The election is the first since the municipal-level polls were overhauled in line with Beijing’s principle that only “patriots” should be in charge, and there have been reports of voter indifference.
A check by the Post found 14 officials with Facebook accounts who have actively posted about the election, with more than 60 posts so far, telling Hongkongers about voting procedures and the significance of taking part.
Even the computer screen savers of public servants have all been changed to a message reminding them to go out and vote.
Observers said the big drive by the administration reflected its deep concern over a possible low turnout, but they questioned whether the publicity would generate votes.
“The scale of promotion is the most remarkable among all elections held since the city’s handover,” said political commentator Sonny Lo Shiu-hing, author of the book, The Politics of District Elections and Administration in Hong Kong.
“On the surface, the government says the voting rate is not important, but in fact, what it is doing is obviously all about boosting the turnout. After all, the turnout rate reflects the election’s legitimacy to a certain degree.”
With the revamp, the proportion of directly elected councillors has been slashed from almost 95 per cent previously to under a fifth of 470 seats.
That leaves about 4.33 million voters to choose 88 winners from 171 candidates in 44 enlarged geographical constituencies, with no opposition hopefuls cleared to run.
Most of the new district councillors will be appointed by the city leader or chosen by 2,490 members of district committees.
After the new electoral system came into effect in July, several ministers downplayed the importance of the turnout rate, saying it could be affected by various factors, even the weather, and the government had no specific target.
But their tone changed recently. For example, No 2 official Eric Chan Kwok-ki said in a televised interview last week that it would be a pity if the turnout was low, as some might ask if the elected councillors really represented their constituents.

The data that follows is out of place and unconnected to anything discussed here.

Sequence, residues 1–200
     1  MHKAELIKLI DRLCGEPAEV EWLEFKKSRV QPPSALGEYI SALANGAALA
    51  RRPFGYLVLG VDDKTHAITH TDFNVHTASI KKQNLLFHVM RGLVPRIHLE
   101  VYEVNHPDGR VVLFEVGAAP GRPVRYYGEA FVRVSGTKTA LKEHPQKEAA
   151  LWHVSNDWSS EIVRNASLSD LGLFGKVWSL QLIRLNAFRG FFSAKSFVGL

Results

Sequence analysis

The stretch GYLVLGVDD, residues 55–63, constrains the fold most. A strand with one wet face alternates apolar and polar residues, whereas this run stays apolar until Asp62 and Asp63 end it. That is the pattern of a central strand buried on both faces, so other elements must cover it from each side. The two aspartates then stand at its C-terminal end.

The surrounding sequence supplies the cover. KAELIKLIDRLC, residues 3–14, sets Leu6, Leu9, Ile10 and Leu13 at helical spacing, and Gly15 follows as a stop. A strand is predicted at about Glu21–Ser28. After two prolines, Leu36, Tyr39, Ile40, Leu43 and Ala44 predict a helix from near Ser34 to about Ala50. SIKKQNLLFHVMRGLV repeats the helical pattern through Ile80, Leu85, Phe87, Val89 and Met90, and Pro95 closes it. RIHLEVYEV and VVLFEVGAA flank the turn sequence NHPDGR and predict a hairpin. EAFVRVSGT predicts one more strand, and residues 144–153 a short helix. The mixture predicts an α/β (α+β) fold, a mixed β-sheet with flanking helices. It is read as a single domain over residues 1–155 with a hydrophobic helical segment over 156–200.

The Legco polls – the first following the “patriots-only” electoral overhaul – logged a record low turnout of 30.2 per cent.
Associate Professor Kenneth Chan Ka-lok, of Baptist University’s department of government and international studies, said local authorities’ promotion efforts for the polls indicated a top-down mobilisation strategy to “circle the square”.
“With public money spent, the government is accountable to both the city and Beijing, and that explains their heightened concern over the voter turnout,” said the former lawmaker.
But he doubted if the money spent would translate into actual votes, citing overseas examples in which “a non-democratic poll” often failed to attract voters without incentives, including cash handouts.
He said the government should be more transparent in revealing how much was being spent on the publicity drive.
The city’s only non-establishment lawmaker, Tik Chi-yuen, said he would ask the government for a breakdown of expenses and its justification for the “tsunami-style” promotion efforts after the polls.
Emeritus Professor John Burns, of the department of politics and public administration at the University of Hong Kong, said such extensive publicity drives only generated more votes in “competitive races”.
“Real competition based on competing policy platforms in elections that have consequences for people’s lives tends to increase voter turnout,” he said. “These elements are mostly absent from our December 10 district council elections.”
Former journalist Julian Law Wing-chung, who managed the chief executive election campaign for former financial secretary John Tsang Chun-wah in 2017, also doubted that the government campaign would move voters.
“Most Hongkongers are clueless about whom to vote for, given so many new but hard-to-differentiate faces in expanded constituencies,” he said. “So the money spent in promotion might not help the government to achieve what it wants for the turnout rate.”
Additional reporting by Harvey Kong